Tanja Thinggaard Andersen & Malene Norup Stolpe
University College Copenhagen, UCC
Well-being is a concept that has come onto the agenda of the Danish municipal primary and lower secondary school. Up to now, there has been a research interest in investigating links between different categories of physical activity and well-being. In this project, we wish to take a slightly different starting point concerning well-being by investigating how psychomotor body awareness activities can help to strengthen children’s physical action competence in their school and everyday lives, in order to promote health and well-being in a life-long perspective. The psychomotor activities are characterised by spanning both movement-oriented and calm/resting activities, with focus on body relaxation techniques. For ten weeks, five seventh-grade classes attended a psychomotor course three times a week. Subsequently, through a qualitative focus group interview, it was investigated how the pupils experienced phenomena related to body awareness, on the basis of the teaching provided. The study shows that during the psychomotor course the pupils developed a burgeoning body awareness, expressed as conscious awareness of the inner physical sensory perception in the classroom. The study also shows that the burgeoning body awareness is transferable to actual everyday life as a form of physical action competence that enables pupils to have an inner investigation dialogue with their body during their everyday lives. In the light of the processes examined, with this study we wish to point to and discuss how competences related to the development of body awareness can help to support children’s well-being and general health in a school context.
In 2015, the “Psychomotor Education in Municipal Primary and Lower Secondary School” project was established. In this project, the authors cooperated closely on planning, conducting and evaluating the project, under the supervision of Dr. Steen Schytte Olsen, senior lecturer, the Relaxation and Psychomotor Therapy Programme, UCC. The project was supported by the “Health” UCC research programme. The authors received supervision from Dr. Stine Klein Degerbøl, lecturer, UCC.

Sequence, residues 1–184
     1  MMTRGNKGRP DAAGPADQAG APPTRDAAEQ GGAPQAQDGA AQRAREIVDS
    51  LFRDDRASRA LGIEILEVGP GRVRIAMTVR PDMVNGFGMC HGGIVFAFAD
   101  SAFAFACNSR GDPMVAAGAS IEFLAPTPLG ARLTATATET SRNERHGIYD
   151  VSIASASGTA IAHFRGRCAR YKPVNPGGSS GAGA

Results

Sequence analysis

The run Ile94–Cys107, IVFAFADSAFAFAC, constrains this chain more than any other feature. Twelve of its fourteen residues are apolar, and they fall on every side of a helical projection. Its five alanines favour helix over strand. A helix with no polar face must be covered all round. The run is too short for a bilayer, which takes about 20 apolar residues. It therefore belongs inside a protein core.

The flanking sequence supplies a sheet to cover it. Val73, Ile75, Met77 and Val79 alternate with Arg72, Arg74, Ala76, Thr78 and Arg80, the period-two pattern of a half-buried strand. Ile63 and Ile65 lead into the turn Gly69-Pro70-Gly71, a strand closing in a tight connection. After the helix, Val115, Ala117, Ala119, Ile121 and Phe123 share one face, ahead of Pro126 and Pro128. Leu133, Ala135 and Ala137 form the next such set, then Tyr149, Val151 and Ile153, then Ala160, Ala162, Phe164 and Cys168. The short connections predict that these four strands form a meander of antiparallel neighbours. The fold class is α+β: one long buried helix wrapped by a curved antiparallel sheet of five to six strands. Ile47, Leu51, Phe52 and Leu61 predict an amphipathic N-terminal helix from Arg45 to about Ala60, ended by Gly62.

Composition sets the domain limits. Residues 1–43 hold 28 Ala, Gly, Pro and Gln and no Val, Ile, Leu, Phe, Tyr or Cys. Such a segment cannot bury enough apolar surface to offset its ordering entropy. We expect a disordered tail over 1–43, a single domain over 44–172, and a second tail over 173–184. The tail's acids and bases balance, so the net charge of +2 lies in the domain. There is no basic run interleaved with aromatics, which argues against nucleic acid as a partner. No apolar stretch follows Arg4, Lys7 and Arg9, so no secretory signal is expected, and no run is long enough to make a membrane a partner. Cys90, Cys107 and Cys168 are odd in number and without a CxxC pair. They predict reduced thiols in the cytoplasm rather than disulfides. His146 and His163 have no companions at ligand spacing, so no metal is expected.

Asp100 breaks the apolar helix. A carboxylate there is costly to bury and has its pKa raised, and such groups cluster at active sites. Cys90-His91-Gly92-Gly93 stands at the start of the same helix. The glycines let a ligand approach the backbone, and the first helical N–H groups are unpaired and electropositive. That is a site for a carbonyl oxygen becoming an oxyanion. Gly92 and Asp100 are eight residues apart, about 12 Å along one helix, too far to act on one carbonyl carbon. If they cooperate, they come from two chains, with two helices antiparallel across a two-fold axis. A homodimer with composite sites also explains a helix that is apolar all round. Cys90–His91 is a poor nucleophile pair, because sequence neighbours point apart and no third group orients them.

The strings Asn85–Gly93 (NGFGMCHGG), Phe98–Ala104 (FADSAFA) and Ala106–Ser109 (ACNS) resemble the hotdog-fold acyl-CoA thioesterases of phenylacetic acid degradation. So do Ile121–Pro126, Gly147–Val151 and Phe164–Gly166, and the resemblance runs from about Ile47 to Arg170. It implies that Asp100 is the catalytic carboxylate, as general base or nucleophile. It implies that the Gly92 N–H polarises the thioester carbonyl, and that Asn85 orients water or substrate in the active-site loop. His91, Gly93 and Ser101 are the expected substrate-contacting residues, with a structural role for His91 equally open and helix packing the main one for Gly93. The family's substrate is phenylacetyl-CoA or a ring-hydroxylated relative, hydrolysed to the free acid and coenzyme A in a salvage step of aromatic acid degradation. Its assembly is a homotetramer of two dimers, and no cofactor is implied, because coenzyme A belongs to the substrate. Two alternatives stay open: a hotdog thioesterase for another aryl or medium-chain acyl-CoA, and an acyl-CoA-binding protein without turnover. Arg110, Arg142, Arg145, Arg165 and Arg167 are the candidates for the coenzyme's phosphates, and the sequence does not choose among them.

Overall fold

TANJA THINGGAARD ANDERSEN holds a Master’s degree in psychology, is a qualified psychomotor therapist, and has been employed by the Relaxation and Psychomotor Therapy Programme, University College Copenhagen, since 2013. Tanja is employed as a senior lecturer in the psychomotor movement subject under the Relaxation and Psychomotor Therapy Programme, and is also a knowledge worker under the “Health” UCC research programme. Tanja is particularly concerned with physical and sensory learning processes and the development of these in children and adolescents.
MALENE NORUP STOLPE holds a Master’s degree in human physiology from the University of Copenhagen and has been employed by the Relaxation and Psychomotor Therapy Programme, University College Copenhagen, since 2013. Malene is currently employed as a Ph.D. student and senior lecturer, under the Relaxation and Psychomotor Therapy Programme and at the research group Motor Performance and Health, Department of Nutrition, Exercise and Sports, University of Copenhagen. In recent years, Malene has had special focus on health promotion and on training bodily awareness in children and adolescents, and in particular the neurophysiological mechanisms associated therewith.
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